If you are a buyer, seller or investor looking at the Maui real estate market today and where it could be going in the future, getting an in-depth historical perspective into how the Maui and Hawaii real estate market developed can be both interesting and very helpful.


When examining the early origins of the Hawaii and Maui real estate industries, the first thing to acknowledge is that their evolution, development, and growth are inextricably tied to the late 19th and early 20th Century development of Industry and Tourism.

Early Visitors and The Beginnings of Tourism in Hawaii

Hawaii was first discovered by Europeans in 1778 when James Cook and his crew came across the islands. The unique location of this grouping of islands, located fairly centrally in the Pacific Ocean between the east and west, made it a logical and perfect strategic stop along the way of several key trade routes.  

Travel to the Hawaiian Islands began to rise in popularity as a destination when steamships made faster travel possible. Prior to the steamship, the only viable means to get to Hawaii was by Sailboat and a 2,000-mile crossing was neither appealing nor viable for a family vacation!  Beginning in 1875, the Pacific Mail Steamship Company allowed passengers to book travel to Honolulu on board the ships that stopped there between the United States and Australia.

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The Hawaiian Promotion Committee, founded in 1903, was one of the key early forces and seeds that laid the foundation of Maui real estate development. Funded in part by government monies, the Committee was the first bonafide organization to put Maui on the International map as a Tourist Destination. It even hired an advertising agency on Madison Avenue, to help with this effort. The Committee went over and above the mere promotion of Hawaii, getting behind necessary beautification and infrastructure projects such as the Mala Wharf and the Royal Hawaiian Hotel. If Maui were to become a choice destination, it would need first class facilities to attract people to its shores.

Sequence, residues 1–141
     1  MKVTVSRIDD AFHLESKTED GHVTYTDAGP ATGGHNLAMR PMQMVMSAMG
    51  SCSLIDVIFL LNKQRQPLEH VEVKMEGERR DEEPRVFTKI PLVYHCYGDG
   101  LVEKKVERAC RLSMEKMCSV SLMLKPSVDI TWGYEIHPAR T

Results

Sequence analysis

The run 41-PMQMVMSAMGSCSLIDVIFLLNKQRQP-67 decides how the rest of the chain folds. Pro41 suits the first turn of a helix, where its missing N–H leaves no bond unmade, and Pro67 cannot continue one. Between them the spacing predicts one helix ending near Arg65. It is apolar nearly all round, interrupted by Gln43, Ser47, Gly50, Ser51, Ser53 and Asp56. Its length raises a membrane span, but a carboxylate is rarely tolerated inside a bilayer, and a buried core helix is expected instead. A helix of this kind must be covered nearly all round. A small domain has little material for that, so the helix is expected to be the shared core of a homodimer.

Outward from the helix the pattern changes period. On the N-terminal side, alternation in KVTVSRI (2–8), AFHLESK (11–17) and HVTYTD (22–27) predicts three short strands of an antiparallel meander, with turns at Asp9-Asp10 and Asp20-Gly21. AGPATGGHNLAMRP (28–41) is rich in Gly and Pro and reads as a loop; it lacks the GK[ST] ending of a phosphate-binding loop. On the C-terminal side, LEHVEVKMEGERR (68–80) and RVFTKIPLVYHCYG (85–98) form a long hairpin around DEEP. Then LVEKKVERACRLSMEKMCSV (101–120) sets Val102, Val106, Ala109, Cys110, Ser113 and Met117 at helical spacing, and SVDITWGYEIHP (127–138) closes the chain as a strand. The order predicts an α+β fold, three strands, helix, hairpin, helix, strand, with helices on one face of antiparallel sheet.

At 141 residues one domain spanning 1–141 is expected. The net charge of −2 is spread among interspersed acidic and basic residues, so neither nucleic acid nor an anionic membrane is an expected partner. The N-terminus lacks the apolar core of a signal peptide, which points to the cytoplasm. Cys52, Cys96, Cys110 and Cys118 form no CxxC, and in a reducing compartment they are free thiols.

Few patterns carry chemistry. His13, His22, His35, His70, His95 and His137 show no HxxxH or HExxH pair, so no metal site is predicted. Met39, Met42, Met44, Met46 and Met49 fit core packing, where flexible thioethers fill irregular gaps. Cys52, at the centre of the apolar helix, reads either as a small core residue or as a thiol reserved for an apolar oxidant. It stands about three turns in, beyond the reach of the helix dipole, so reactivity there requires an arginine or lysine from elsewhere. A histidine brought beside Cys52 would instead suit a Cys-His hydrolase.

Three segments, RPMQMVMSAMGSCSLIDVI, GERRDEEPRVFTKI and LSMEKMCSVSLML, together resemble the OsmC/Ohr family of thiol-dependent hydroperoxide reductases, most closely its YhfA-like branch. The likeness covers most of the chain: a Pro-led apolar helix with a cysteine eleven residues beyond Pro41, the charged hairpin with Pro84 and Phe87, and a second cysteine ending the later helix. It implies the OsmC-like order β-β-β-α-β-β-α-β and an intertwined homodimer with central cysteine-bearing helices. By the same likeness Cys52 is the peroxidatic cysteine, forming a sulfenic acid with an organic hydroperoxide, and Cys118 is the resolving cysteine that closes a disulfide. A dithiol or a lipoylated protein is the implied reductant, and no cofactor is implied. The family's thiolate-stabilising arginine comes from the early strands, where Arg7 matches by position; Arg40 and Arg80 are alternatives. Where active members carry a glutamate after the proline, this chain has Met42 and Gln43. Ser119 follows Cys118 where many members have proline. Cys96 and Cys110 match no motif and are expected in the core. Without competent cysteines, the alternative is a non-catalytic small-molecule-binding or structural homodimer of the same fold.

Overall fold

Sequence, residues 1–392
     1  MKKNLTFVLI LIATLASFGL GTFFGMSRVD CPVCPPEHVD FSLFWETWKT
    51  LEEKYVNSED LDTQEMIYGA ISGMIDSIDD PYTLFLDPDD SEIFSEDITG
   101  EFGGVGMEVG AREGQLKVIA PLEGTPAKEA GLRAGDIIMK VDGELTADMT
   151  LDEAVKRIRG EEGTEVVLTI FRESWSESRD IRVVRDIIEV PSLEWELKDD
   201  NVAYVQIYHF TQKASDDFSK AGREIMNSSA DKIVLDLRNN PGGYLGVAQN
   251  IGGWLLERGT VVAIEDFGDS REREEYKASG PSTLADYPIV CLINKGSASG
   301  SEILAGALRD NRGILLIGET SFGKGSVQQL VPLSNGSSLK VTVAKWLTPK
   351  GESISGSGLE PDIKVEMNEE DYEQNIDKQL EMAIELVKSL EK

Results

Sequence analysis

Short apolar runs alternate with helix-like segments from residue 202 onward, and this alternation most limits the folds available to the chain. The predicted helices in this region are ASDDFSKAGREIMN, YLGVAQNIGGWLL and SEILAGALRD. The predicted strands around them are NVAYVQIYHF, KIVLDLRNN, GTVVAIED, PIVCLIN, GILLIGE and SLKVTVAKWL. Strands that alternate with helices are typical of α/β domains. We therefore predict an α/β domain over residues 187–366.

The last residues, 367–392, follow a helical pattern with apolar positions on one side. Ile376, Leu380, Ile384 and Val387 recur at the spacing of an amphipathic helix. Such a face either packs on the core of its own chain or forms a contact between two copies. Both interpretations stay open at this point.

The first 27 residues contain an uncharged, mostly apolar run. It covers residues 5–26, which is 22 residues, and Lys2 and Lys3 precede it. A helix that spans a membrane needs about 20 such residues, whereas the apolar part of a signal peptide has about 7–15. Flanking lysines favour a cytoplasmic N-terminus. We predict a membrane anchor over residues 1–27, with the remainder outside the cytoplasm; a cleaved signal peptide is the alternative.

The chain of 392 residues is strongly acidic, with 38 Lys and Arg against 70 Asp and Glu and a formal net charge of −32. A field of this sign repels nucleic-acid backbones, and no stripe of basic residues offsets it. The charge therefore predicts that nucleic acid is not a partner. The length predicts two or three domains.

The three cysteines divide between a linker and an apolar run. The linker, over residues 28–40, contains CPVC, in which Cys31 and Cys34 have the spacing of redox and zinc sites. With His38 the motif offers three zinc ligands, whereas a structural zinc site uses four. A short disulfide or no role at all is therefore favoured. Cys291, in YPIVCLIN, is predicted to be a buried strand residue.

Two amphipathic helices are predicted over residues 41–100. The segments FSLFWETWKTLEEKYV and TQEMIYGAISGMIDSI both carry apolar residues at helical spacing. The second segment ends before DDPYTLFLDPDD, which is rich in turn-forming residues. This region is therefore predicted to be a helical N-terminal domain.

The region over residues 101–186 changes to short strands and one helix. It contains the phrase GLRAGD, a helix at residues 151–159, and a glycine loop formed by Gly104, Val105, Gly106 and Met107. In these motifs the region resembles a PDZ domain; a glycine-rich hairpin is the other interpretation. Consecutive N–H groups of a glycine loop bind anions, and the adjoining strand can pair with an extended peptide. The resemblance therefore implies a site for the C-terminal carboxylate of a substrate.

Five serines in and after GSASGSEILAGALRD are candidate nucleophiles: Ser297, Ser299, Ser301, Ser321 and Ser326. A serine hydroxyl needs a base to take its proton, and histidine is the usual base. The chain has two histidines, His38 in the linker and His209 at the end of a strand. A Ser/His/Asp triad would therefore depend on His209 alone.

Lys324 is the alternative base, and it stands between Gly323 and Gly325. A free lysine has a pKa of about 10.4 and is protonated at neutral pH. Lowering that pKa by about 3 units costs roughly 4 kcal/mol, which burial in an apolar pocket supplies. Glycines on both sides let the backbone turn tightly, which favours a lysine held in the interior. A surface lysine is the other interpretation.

The opening of the Royal Hawaiian Hotel in February 1927 was met with great praise by the newspapers. It was seen as a magnificent world class resort in the heart of paradise and a landmark moment that would put Hawaii on the world map. In retrospect, historians consider it's opening a pivotal event in the development, promotion, and awareness of Hawaii as a destination resort.

In addition to resort life, the sheer natural beauty of the islands also drew tourists to its shores. Maui’s leaders understood the necessity to preserve these for visitors and residents alike into the future and for their own potential profit. Lorrin Thurston, for example, worked tirelessly from 1906 to 1916 with Congress to establish the Hawaii National Park. He also, along with several others started the Volcano House Company in 1891 acquiring and renovating the existing hotel structure, right at the edge of the Kilauea Volcano. Thurston was credited by Robert Allen (a highly respected Hawaii tourism executive) as having “created the foundation for Hawaii tourism.”

In due course, the advent of commercial aviation made the islands more accessible and was a powerful catalyst in the ongoing promotion and development of Hawaii. On November 22, 1935, Pan American Airways offered the first regular commercial flight from the US mainland to Hawaii.